Cure is ‘in our grasp’ say the scientists behind the BioNTech Covid-19 jab
Technology honed in the battle against Covid-19 could see vaccines that target cancer readily available by 2030.
Uğur Şahin and Özlem Türeci co-founded BioNTech, the German company that partnered with Pfizer to manufacture an mRNA Covid-19 vaccine that would prove to be vital in the global fight to stem the pandemic. Now they say they have made further breakthroughs that could “lead to new treatments for melanoma, bowel cancer and other tumour types”, according to the BBC.
Speaking on the BBC’s Sunday with Laura Kuenssberg, Şahin said that cancer vaccines based on mRNA might be ready to use in patients “before 2030”, The Guardian reported.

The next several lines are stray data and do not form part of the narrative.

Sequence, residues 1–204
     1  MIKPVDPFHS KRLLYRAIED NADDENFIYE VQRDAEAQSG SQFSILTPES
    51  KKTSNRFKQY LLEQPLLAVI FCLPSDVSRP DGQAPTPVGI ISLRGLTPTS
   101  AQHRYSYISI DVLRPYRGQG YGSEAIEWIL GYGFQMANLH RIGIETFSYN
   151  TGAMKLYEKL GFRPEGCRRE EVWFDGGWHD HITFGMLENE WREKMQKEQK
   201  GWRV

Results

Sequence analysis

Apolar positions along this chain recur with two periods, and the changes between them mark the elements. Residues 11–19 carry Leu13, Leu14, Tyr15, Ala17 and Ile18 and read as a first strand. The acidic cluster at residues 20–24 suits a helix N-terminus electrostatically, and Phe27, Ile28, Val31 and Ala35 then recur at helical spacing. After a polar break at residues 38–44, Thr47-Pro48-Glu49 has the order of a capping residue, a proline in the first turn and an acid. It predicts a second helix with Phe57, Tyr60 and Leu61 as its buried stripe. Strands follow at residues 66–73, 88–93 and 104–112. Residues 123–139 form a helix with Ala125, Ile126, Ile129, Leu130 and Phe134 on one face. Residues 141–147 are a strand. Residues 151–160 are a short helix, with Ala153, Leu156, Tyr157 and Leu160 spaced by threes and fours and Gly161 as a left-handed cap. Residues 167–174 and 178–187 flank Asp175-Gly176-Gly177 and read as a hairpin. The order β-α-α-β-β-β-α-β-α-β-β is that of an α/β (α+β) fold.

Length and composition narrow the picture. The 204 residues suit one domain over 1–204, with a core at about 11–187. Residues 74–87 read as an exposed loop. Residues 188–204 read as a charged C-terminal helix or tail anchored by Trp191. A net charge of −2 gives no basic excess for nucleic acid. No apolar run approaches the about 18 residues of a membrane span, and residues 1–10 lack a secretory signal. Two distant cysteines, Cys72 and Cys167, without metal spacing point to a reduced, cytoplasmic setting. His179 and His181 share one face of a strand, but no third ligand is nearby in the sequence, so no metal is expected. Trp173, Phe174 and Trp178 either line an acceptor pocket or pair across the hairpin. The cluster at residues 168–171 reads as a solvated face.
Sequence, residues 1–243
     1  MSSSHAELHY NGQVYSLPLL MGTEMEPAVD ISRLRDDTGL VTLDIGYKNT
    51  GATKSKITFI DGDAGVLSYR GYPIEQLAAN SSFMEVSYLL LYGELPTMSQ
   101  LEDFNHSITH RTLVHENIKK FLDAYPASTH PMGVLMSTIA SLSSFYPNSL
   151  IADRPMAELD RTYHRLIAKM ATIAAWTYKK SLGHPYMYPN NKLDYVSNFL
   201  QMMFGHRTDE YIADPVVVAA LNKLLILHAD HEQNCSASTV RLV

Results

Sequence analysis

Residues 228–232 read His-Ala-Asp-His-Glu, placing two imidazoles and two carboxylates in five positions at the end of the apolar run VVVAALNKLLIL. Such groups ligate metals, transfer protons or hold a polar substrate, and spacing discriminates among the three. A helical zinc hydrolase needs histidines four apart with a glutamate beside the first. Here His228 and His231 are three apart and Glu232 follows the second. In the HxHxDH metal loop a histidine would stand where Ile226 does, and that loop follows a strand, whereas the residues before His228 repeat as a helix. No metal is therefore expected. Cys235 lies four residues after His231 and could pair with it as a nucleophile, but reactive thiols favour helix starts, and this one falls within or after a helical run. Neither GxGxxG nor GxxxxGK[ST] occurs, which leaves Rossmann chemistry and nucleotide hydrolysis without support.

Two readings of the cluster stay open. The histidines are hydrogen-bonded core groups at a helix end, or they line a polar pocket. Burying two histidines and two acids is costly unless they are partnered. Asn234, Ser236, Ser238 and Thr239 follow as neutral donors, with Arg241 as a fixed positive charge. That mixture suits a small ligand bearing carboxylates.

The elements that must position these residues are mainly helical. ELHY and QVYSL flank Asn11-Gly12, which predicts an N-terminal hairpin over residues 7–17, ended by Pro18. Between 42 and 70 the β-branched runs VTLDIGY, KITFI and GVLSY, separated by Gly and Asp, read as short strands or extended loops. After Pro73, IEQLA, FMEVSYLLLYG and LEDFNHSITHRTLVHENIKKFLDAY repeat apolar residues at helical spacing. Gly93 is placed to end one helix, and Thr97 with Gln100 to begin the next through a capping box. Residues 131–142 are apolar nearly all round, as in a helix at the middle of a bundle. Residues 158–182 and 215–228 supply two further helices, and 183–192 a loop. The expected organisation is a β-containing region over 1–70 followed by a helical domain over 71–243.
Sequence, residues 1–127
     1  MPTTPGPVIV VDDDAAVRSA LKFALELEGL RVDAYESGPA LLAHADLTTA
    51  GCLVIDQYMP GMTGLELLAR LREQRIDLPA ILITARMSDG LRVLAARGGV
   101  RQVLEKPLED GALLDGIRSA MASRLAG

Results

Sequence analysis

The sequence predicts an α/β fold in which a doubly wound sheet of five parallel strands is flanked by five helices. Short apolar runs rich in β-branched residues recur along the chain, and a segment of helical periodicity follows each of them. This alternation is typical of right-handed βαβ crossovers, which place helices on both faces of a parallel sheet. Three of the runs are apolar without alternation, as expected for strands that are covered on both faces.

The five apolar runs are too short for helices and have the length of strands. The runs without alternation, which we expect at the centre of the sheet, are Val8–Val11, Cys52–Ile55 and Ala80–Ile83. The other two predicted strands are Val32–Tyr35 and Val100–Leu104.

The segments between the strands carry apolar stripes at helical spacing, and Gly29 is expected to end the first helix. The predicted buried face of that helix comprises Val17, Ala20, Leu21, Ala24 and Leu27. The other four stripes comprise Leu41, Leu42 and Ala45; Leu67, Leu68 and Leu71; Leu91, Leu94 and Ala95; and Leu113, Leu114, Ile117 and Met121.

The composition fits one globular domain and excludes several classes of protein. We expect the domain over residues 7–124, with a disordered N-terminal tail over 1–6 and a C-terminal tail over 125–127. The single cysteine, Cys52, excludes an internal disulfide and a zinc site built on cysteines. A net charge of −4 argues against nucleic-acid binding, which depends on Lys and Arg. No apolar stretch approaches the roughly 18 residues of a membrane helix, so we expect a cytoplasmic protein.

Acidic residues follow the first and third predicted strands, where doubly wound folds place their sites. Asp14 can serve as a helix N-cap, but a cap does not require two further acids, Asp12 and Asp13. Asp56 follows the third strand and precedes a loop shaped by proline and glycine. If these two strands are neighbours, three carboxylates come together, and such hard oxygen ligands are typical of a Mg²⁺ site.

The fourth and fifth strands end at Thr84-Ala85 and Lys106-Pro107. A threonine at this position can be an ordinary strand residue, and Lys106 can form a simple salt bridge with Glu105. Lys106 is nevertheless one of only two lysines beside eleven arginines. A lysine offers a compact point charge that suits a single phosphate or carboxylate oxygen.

BioNTech has “several trials in progress”, according to the broadcaster, “including one where patients are given a personalised vaccine, to prompt their immune system to attack their disease”.
How could a cancer vaccine work?
As The Guardian explained, an mRNA Covid vaccine works “by ferrying the genetic instructions for essentially harmless spike proteins on the Covid virus into the body”.
These instructions are then “taken up by cells which churn out the spike protein”. The proteins, known as antigens, “are then used as ‘wanted posters’ – telling the immune system’s antibodies and other defences what to search for and attack”.
Read More: mRNA technology and a vaccine for cancer